One Last Kiss

May 28, 2018

If that one last kiss is still
The thing you’d long to give someone
Then give it now before they’re gone.
Give it daily; never be caught out
For never passing on
The one last kiss you’d give
Just because you didn’t know
That’s what it was.

Frieda Hughes


May 27, 2018

The fog comes
on little cat feet.

It sits looking over harbour and city
on silent haunches
and then moves on.

Carl Sandburg

The is the green

May 27, 2018

The forest of lost souls by Toshiyuki Ueda

The is the green we grew up in – the humid blue of the blur of our adolescence; the weedy heat. The are the roads we drove into the country with whoever had sweet, cheap wine. The song of gnat and firefly and nightingale and frog. This is the sky of watery silk under which we wrecked our hearts, cried out. Wild onion in the high grass, and magnolia – cloud of blossoms – where we lay some nights till dawn beside the one, the one, the only one, and then another love. This is the place I chose exile from, sharp-hearted, sure of some brighter world. And, still, how it takes me back. How the dark trees make a leafy arch above us as we pass. How you grip the wheel and laugh, don’t say, Remember. Don’t say anything.

Cecilia Woloch


May 27, 2018

sitting in the flood

Those who know me in my life beyond the page are likely amused to read me expounding with such reverence on the subject of silence, since I avoid it strenuously. Or is it as Kafka wrote to his lover Felice in 1916: does “silence avoid me, as water on the beach avoids stranded fish”? There is something involuntary in my speaking, the flapping and flailing of my desperate tongue. Silence is generally associated with passivity and expression with action, but for me silence requires the greater effort. My mind turns again to drowning: the poet Seamus Heaney spent his childhood on a small farm in Ireland where each spring his family forced the overflow of newborn puppies below the surface of a barrel of water. Their sputter, their squirm, then their stillness: this is how it feels to hold words back. “The strain,” Kafka writes elsewhere, “of keeping down living forces.” Silence is the water that fish breathe, but for puppies it’s what kills them. What kind of creature am I?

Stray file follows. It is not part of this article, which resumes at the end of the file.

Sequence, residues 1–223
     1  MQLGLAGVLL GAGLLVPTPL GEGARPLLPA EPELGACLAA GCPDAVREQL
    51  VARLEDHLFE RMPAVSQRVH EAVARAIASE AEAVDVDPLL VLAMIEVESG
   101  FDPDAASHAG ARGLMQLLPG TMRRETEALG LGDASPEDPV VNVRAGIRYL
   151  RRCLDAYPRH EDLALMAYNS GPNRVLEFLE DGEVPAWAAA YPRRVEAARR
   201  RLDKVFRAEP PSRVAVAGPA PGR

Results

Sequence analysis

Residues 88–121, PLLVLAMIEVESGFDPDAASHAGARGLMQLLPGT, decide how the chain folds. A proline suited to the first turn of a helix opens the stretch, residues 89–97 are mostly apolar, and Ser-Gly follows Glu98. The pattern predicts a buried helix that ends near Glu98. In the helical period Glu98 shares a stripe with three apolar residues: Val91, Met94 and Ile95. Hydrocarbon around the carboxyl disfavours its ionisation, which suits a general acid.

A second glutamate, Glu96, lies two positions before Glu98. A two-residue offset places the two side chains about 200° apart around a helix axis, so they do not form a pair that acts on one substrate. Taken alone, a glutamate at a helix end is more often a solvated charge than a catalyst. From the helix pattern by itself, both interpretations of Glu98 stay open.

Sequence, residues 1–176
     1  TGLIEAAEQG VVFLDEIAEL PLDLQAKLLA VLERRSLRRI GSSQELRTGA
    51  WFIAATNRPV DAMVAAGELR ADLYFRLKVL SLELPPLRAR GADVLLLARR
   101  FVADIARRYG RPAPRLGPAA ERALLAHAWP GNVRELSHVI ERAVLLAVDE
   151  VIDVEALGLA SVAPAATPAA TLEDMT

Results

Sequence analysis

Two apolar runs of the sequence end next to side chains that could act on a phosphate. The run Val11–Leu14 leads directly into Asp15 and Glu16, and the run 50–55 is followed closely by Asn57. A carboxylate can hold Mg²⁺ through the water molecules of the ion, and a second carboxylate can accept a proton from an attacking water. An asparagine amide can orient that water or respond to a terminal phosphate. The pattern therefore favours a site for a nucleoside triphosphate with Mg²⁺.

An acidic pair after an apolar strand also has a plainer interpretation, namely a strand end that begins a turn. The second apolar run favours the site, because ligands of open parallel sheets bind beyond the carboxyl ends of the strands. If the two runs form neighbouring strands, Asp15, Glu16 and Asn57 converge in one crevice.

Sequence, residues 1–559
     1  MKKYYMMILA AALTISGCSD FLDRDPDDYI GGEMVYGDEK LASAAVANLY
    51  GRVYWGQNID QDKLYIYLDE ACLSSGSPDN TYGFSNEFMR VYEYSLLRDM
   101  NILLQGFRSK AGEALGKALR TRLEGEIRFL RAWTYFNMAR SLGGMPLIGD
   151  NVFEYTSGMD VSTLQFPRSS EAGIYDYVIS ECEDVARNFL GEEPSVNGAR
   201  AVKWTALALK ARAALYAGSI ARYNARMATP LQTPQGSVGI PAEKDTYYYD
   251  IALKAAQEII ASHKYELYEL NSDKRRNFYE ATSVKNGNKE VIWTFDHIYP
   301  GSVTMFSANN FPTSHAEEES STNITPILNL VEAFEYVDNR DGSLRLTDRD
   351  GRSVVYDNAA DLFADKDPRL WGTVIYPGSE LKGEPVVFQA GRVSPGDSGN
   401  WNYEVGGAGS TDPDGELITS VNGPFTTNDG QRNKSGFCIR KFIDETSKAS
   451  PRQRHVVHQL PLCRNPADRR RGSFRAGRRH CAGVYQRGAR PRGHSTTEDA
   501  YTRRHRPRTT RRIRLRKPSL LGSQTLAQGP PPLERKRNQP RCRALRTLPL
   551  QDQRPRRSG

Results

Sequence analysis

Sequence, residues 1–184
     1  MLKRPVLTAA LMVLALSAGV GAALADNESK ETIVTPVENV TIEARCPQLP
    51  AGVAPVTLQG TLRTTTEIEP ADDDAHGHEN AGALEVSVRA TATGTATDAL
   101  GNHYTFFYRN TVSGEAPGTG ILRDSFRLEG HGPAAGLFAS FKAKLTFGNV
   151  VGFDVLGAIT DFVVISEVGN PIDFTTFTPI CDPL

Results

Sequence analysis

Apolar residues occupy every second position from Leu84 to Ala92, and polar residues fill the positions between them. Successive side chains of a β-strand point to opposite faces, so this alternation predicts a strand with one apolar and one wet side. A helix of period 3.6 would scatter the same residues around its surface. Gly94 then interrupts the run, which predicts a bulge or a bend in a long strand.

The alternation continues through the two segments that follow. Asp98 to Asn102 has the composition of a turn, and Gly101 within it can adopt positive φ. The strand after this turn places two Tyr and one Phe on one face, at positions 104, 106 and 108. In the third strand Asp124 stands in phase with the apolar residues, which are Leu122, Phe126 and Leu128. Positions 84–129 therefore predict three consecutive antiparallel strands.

Carina del Valle Schorske
On the Perilous Potential of Feminist Silence


May 27, 2018

Do you like me? Would you miss me if I disappeared? Have you been depressed?

Vita Sackville-West
Letter to Virginia Woolf, August 1927

Last night

May 27, 2018

Hard Truth

May 27, 2018

I can see you

Religions may begin as vehicles of longing for mysteries beyond description, but they end up claiming exclusive descriptive rights to them. They segue the ardour and uncertainty of seeking to the confidence and complacence of possession. They shift from poetry to packaging. Which is what people want. They don’t want to spend years wandering in the wilderness of doubt. They want the promised land of certainty, and religious realists are quick to provide it for them. The erection of infallible systems of belief is a well-understood device to still humanity’s fear of being lost in life’s dark wood without a compass. ‘Supreme conviction is a self-cure for the infestation of doubts.’ That is why David Hume noted that, while errors in philosophy were only ridiculous, errors in religion were dangerous. They were dangerous because when supreme conviction is threatened it turns nasty.’

Richard Holloway
Leaving Alexandria: A Memoir of Faith and Doubt


May 26, 2018

When I am an old woman I shall wear purple
With a red hat which doesn’t go, and doesn’t suit me.
And I shall spend my pension on brandy and summer gloves
And satin sandals, and say we’ve no money for butter.
I shall sit down on the pavement when I am tired
And gobble up samples in shops and press alarm bells
And run my stick along public railings
And make up for the snobbery of my youth.
I shall go out in my slippers in the rain
And pick flowers in other people’s gardens
And learn to spit.

You can wear terrible shirts and grow more fat
And eat three pounds of sausages at a go
Or only bread and pickle for a week
And hoard pens and pencils and beermats and things in boxes.

But now we must have clothes that keep us dry
And pay our rent and not swear in the street
And set a good example for the children.
We must have friends for dinner and read the papers.

But maybe I ought to practise a little now?
So people who know me are not too shocked and surprised
When suddenly I am old and start to wear purple.

Jenny Joseph